I shall be happy to see whether we can make improvements to the protective orders. However, as was pointed out by my noble friend Lady Elles, even after divorce there may well be obligations of maintenance. Merely granting a decree of divorce does not necessarily end the need for some kind of correspondence or exchange between, say, the father and someone representing the mother. Even divorce does not undercut that completely in every case. Therefore, while I appreciate the reason behind the proposal, I do not see that it is an effective way of providing a particular type of relief. To overcome the difficulty of, for example, the inadvertent disclosure of addresses and so forth, we have to take steps to prevent that happening and to tighten up the arrangements and so forth.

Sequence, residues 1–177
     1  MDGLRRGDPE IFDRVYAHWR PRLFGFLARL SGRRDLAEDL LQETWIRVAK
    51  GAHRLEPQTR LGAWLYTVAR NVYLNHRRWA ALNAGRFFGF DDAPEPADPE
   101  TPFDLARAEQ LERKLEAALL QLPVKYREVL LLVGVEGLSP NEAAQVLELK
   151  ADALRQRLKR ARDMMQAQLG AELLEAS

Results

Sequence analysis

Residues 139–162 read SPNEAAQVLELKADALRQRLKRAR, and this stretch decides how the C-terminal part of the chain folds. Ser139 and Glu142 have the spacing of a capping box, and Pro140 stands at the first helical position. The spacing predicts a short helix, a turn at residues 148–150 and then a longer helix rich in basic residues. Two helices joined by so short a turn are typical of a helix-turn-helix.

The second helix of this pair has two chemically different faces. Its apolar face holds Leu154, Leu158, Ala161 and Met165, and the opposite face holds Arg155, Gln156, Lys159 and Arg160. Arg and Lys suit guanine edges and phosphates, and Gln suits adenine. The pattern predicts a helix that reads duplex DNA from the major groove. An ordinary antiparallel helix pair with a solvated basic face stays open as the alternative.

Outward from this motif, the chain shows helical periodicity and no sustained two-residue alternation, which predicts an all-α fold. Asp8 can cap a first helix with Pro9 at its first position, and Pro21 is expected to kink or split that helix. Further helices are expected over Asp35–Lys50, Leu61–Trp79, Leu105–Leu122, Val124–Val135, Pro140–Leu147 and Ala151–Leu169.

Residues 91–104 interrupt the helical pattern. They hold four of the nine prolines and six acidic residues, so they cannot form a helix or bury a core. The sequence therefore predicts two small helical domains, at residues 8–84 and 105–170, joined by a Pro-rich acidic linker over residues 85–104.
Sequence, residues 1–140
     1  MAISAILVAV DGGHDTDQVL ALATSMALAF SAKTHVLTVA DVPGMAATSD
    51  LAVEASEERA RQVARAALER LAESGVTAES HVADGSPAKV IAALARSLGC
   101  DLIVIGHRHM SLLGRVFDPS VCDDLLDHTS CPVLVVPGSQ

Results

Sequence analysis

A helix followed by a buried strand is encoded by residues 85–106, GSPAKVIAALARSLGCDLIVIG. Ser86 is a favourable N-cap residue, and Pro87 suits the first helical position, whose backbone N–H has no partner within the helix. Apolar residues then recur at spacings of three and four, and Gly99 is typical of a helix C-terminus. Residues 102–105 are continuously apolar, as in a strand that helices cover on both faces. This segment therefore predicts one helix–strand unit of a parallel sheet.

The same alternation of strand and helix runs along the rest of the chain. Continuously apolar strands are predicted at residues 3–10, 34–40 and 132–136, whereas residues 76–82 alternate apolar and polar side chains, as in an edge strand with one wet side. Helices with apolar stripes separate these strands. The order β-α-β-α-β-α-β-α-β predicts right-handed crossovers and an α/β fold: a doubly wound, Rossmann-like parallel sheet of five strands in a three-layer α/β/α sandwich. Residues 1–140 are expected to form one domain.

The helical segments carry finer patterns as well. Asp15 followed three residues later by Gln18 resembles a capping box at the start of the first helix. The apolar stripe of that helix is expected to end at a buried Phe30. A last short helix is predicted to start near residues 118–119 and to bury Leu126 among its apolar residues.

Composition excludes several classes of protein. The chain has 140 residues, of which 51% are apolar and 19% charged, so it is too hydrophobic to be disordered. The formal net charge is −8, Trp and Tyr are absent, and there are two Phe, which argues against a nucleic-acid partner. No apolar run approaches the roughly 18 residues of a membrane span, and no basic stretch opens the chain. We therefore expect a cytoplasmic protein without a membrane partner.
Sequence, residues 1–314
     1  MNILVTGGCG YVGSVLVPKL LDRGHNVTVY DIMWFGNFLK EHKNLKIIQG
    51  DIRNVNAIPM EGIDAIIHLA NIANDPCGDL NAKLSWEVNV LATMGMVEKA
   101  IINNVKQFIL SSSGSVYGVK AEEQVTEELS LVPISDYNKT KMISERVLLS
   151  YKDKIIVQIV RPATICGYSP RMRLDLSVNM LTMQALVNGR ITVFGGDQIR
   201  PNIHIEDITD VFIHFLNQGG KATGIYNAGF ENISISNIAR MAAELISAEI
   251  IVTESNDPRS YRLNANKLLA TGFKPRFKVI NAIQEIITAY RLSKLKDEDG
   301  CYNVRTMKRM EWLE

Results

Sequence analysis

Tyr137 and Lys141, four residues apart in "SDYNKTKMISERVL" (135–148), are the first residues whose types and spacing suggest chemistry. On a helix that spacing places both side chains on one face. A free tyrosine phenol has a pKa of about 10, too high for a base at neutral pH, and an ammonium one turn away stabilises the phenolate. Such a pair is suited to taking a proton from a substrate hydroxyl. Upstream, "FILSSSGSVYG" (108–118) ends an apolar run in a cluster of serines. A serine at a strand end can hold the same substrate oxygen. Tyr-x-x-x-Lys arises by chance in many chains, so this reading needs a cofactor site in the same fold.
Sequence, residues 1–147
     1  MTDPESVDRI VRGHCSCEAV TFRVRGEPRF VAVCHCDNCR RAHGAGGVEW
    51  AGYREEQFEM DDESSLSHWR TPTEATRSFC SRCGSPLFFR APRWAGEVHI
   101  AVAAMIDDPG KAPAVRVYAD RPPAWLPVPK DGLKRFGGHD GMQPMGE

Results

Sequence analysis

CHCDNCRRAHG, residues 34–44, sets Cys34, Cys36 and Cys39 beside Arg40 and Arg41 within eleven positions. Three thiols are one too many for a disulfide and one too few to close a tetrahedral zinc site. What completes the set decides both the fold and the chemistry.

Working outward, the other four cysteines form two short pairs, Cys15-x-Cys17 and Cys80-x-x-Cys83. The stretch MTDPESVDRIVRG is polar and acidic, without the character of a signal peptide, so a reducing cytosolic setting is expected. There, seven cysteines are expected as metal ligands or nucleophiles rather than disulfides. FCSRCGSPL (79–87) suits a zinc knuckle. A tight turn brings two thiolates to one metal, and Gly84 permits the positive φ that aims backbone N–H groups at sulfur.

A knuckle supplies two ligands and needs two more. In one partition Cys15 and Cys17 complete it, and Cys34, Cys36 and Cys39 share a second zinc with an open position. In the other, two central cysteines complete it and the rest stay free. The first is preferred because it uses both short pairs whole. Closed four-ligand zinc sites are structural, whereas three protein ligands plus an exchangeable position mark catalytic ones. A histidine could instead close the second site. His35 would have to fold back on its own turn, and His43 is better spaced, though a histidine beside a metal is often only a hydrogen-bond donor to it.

Earl Russell: My Lords, before relying on measures to discourage the disclosure of addresses, would the noble and learned Lord take the advice of his honourable friends Mr. Burt and Mr. Mitchell who have done their level best to achieve this?